I love it so much that Aidan, my little sister, has recently taken to calling me a “nerd.”
Nerd? What about scholar or researcher?
Why can’t she refer to me as learned?
How about intellectual or maybe even liberal arts enthusiast?
Shoot. Evidently, she is correct. I am a nerd. Not in the cute, quirky sense of the word. I don’t wear glasses or read comic books or parade about in my flashy suspenders showing off my high fashion pocket protector (I promise you that I don’t have one of those).
Contrary to what you may think, I don’t spend entire weekends in the library either. My passion for learning seems to manifest itself in ways that stray from anxiety about grades or excessive hours invested in studying. Instead, I find that when I am really interested in a subject, I think about it all the time.
For example, I am studying modernism in U.S. literature in one of my classes. As I have recently learned, the famous Gertrude Stein once said, “A rose is a rose is a rose.” I have no idea what that even means, but I couldn’t stop thinking about it for a few days. Her sentences seem so circular and confusing, yet profoundly poetic and deeply philosophical in ways that I could never achieve with my own petty prose. I want to hate her for writing essays and novels that are so incredibly difficult to dissect, yet I cannot help but praise her for it.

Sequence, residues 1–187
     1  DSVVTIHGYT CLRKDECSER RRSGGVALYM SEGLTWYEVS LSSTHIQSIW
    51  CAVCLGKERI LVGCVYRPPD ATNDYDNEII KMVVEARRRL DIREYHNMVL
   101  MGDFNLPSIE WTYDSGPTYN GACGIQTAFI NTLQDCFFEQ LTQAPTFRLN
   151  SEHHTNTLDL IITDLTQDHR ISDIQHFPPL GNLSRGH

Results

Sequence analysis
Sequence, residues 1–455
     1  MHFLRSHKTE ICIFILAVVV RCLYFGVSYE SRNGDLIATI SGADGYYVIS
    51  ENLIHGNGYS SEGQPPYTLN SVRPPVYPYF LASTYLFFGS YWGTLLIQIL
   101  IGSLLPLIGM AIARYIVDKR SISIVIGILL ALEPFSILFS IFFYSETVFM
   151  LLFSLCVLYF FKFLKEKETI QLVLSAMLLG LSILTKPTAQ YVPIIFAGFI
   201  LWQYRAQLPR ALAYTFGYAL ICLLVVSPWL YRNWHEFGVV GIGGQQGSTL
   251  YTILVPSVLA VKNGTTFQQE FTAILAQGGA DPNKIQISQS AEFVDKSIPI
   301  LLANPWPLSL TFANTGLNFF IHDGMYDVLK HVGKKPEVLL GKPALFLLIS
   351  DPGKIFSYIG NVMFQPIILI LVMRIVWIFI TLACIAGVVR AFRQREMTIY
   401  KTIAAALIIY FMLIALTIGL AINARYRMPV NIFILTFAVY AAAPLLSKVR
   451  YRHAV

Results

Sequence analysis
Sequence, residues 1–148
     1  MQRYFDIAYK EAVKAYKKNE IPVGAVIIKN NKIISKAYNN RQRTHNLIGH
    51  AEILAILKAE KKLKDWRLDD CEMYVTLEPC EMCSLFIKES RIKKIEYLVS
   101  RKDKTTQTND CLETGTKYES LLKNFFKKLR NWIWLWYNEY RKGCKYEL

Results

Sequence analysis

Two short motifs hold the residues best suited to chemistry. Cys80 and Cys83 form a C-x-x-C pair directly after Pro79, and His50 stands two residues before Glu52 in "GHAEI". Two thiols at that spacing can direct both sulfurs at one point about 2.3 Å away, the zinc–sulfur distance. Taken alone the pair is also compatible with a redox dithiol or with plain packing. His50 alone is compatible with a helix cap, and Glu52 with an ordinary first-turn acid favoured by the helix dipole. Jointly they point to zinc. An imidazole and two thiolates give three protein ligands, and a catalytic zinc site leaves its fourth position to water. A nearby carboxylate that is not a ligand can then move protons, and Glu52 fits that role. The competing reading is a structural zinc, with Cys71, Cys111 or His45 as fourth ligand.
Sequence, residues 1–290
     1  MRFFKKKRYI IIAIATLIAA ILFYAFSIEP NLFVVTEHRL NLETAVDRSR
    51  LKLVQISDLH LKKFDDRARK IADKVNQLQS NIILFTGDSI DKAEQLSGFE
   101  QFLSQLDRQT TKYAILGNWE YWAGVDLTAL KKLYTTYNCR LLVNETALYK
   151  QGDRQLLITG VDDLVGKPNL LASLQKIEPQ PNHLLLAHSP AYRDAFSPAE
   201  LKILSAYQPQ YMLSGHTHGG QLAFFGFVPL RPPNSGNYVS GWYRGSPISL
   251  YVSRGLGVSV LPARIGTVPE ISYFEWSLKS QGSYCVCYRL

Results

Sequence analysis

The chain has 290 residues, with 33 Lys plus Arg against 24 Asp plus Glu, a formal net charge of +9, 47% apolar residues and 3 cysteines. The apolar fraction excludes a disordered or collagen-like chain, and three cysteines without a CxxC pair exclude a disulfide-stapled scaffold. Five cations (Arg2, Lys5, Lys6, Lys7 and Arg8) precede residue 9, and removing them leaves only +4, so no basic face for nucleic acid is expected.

It’s a strange paradox, really. I can’t get Gertrude out of my brain. The woman is a genius in her own right. See? Now I am going off about her. Cough, cough, nerd, cough.
Anyway, I think that this nerdy-ness that I am describing is an essential part of being a teacher at the high school or college level. You have to be wickedly passionate about your academic area of expertise. How else is an instructor supposed to drum up enthusiasm from his or her students?
We’ve all had tremendous teachers who lived and breathed their subject. Mine was my A.P. Literature teacher back at DSHA High School. I remember him telling us that he would spend summer evenings reciting Shakespearean sonnets to “Buddy the Chocolate Lab” on their night time walks together. These are the people that spark your interest in a topic or can engage your imaginations in ways that you never thought possible.
I want to be this sort of person for my students. I guess step one is to embrace my inner nerd. I suppose the first step would be to admit my little problem. So…
Hi everyone. I am Aubrey Murtha, and I am a nerd.